Letters: Reporting Abuse, Finding Personal Renewal

NPR's Brian Naylor reads from listener comments on previous show topics, including a recommendations for places to find personal and artistic renewal, and the reasons some people do — or do not — report sexual abuse.

Copyright © 2011 NPR. For personal, noncommercial use only. See Terms of Use. For other uses, prior permission required.

BRIAN NAYLOR, HOST:

It's Tuesday, and time to read from your comments. When we talked to author P.J. O'Rourke about his new book "Holidays in Heck," many of you offered suggestions of where P.J. should go next. Wu Nyen Proul(ph) in Franklin, Kentucky, wrote: Visit Easter Island. It's such a humbling experience to stand before the Moai; sleep to the sound of waves; pure, unpolluted air; and great fish. Even a 4G iPhone can't get a connection. You and your family will enjoy what it's like to live without the Worldwide Web - these days, something one can only imagine.

Photographer Annie Leibovitz joined us to discuss her new book of photographs, "Pilgrimage," and her journey around the world to take photos of the places and things that brought a sense of personal and artistic renewal. We asked you to share your places of renewal, and Glenna Auxier from Gainesville, Florida, wrote: The mountains of North Carolina - Asheville and Boone - are like magic to me. I breathe better, sleep better, and I just feel a satisfaction that's not the same in the flatland. In Florida, I live on the Earth. In North Carolina, I feel I am in the earth. It's both physical and spiritual. I can't really explain it, but it's very true.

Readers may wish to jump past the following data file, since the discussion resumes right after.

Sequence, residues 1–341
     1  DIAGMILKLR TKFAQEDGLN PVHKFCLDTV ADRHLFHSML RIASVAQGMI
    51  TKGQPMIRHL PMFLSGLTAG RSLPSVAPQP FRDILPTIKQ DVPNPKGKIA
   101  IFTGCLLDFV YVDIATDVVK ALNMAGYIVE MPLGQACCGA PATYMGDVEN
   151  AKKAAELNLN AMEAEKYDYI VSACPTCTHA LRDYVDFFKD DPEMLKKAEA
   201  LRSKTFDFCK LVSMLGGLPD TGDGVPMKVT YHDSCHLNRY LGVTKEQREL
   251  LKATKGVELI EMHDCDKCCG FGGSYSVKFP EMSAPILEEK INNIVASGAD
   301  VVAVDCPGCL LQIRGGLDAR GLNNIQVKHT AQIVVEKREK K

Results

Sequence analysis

Following the allegations of sexual abuse at Penn State, we discussed why people are often afraid to come forward when they suspect abuse is occurring. Holly Mullen from Salt Lake City, Utah, sent this email: I just started a new job as director of a nonprofit rape recovery center. I do not have a lot of social work experience, but I know this: I wish every person who ever hesitated, or might hesitate, to report child sexual abuse could spend a few hours in our waiting area. We serve male and female victims of sexual assault over the age of 13. Many of them visit us years, even decades after being abused and not believed, often when they were young children. The repercussions and ripple effect in society of not reporting are huge, and painful. Please report.

If you have a correction, comments or questions for us, the best way to reach us is by email. Our address is talk@npr.org. Please let us know where you're writing from, and give us some help on how to pronounce your name. And if you're on Twitter, you can follow us there @totn.

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